"The Way of the Gun"

A new entrant in the scuzzbags - with - guns genre limps onto the screen in a disappointing directorial debut from the writer of "The Usual Suspects."

By Mary Elizabeth Williams

Senior Writer

Published September 8, 2000 7:00PM (EDT)

You don't go into a movie called "The Way of the Gun" and come out surprised that there are a lot of gunfights in it. That the get-rich-quick scheme hatched in the first few minutes will take several wrong turns is rarely a revelation. And it doesn't matter much that the plot is yet another scuzzbags-with-guns road story -- hell, that's the best kind of road story there is.

That's not the problem with "The Way of the Gun." It goes wrong in its awkward attempts to put an irreverent twist on the genre. The directorial debut of the writer of "The Usual Suspects" keeps tossing the genre hand grenades one might expect, but they all wind up duds.

Parker (Ryan Phillippe) and Longbaugh (Benicio Del Toro) are your average small-time hoods with bad attitudes, limited skills and possible sociopathic tendencies. We glean all of this from the film's prologue, in which the two engage in a street tussle. They slug a pair of loudmouthed women and end up getting their butts kicked by an angry mob.

Our antiheroes are then off on the wide open road, two carefree magnets for violence, looking for the fortune they inexplicably believe the world owes them. When they fortuitously hear about a well-heeled couple and their highly paid surrogate mother, the actors' faces convey that familiar cinematic light-bulb-over-the-head moment, and they set about to kidnap the baby incubator and fetch themselves a tidy bundle. And that, of course, is when things start to get complicated.

The joke here is that Robin (Juliette Lewis), the eight-months-pregnant woman they've abducted, is in the employ of a shady millionaire with several heavily armed bodyguards and a steely-eyed bagman (James Caan), all of whom have unique agendas. Just take the familiar woman-in-jeopardy motif and ratchet it up a bit with an unborn baby, throw in a lot of flying bullets and you should have yourself quite the suspenseful caper.

That is, unless things then unfold with all the nagging familiarity of an attack of dij` vu. Tensions escalate, shots are fired, cars are chased and a bulbous woman waddles around grunting and clutching her belly.

Director Christopher McQuarrie, who also wrote the script, is an unlikely candidate to make such a disappointing film. His clever if overrated "Usual Suspects" wasn't afraid to be complicated, weird and smart, plugging every bullet hole neatly with a motive and a means. Here, he flees in the opposite direction -- leaving so many question marks there's actually a character called the Question Mark.

It's a noble thing to eschew the clunky exposition that weighs down so many otherwise feisty action pictures. But it's plain boneheaded to leave the actors to telegraph their relationships and double-crosses with meaningful eyebrow-raising better suited to the Norma Desmond Acting Studio.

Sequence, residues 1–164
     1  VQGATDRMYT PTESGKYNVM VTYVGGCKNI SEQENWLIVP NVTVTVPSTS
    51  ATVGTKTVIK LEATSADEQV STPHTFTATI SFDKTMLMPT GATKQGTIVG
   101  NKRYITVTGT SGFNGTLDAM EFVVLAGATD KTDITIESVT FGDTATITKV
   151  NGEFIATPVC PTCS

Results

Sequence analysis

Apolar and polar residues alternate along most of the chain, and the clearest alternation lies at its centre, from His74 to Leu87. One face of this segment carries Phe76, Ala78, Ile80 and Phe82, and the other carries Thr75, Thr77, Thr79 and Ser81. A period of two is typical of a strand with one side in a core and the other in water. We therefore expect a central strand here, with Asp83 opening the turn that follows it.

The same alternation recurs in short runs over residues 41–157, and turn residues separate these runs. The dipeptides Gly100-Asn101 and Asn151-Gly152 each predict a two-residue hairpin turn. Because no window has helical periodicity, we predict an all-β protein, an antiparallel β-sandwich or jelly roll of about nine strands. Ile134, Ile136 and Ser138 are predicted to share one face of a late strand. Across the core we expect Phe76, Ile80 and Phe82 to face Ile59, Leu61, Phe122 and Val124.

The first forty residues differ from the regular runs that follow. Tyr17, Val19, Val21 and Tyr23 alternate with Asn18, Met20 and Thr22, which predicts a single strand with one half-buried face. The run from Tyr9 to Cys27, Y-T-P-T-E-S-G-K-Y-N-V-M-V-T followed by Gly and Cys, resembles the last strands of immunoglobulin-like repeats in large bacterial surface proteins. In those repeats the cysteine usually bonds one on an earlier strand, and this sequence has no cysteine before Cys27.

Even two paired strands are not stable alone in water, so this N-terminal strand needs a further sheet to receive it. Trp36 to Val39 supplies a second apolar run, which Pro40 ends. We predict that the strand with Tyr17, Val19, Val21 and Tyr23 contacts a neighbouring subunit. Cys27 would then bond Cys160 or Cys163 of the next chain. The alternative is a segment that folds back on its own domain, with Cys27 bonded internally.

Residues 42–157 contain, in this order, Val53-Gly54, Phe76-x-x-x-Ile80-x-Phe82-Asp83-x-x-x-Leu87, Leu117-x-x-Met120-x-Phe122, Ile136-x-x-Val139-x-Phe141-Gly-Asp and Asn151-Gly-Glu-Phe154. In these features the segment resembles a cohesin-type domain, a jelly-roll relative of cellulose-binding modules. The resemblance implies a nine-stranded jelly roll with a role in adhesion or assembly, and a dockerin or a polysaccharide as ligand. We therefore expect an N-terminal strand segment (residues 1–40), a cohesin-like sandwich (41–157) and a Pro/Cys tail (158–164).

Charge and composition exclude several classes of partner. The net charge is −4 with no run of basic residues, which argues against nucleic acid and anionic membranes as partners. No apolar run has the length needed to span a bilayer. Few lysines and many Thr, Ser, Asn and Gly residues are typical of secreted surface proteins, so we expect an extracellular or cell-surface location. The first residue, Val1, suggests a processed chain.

And it's worse to leave so many glaring inconsistencies that appear the result of laziness rather than mystery. If Parker and Longbaugh are so strapped for cash they consider sperm donation a viable means of raising money, how do they afford munitions enough to fund a South American revolution? Wouldn't gun-running be more lucrative than cup-filling? Why do these apparent lifetime criminals keep leaving themselves wide open in ways anybody who'd ever seen "Starsky and Hutch" wouldn't -- standing in front of windows, scampering around out in the open? Even more bafflingly: How do they keep surviving?

Into this logic-challenged jumble of a plot, McQuarrie has inserted some of the most groan-worthy dialogue outside of the porn world. When they aren't shooting at each other and missing spectacularly, characters spend their time lobbing baffling proverbs: "Need is the ultimate monkey"; "karma is only justice without the satisfaction"; "there's always free cheese in a mousetrap."

I think McQuarrie intends the shtick to be a parody of hardboiled noir wisdom, but the gag wears out long before the axioms do; the net effect is of a film that wasn't so much written as typed in a fortune-cookie factory run by stoners.

Given that, you can't entirely fault the cast for being unconvincing. Taye Diggs, who usually manages to class up anything he's in, attempts a cool take on the well-worn conniving-underling bit. Caan, sporting a menacing scar on his neck and a tacky windbreaker, strikes a neat balance between relaxed and sadistic. His performance is without flaw, but then again, it should be -- he's done this role dozens of times.

And Lewis has some intriguing moments, mixing the nuances of fear with a feral protectiveness of her child. But what in the world is going on with Phillippe and Del Toro? How much mumbling and shuffling can two actors do in the name of appearing edgy and dangerous?

McQuarrie isn't a bad director, especially when he isn't directing people. The Southwestern scenery is at times wildly lovely and brutal, a contrast to the formal interiors of a millionaire's mansion or the run-down fleabag motels and gas stations and brothels that the kidnappers bounce among.

And you know McQuarrie can write an interesting story; he's done it before. Maybe he will again someday. "I don't think this is a brains kind of operation," Longbaugh slurs drowsily midway through the action. But he doesn't seem quite convinced of his words, and neither are we. The problem with "The Way of the Gun" isn't a lack of brains at all -- it's just a baffling lapse in using them.

By Mary Elizabeth Williams

Mary Elizabeth Williams is a senior writer for Salon and author of "A Series of Catastrophes & Miracles."

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